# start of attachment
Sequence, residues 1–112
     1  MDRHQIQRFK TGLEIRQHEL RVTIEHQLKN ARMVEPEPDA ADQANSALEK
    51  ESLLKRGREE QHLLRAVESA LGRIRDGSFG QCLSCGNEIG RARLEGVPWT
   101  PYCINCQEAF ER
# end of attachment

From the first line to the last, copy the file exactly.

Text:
Sequence, residues 1–112
     1  MDRHQIQRFK TGLEIRQHEL RVTIEHQLKN ARMVEPEPDA ADQANSALEK
    51  ESLLKRGREE QHLLRAVESA LGRIRDGSFG QCLSCGNEIG RARLEGVPWT
   101  PYCINCQEAF ER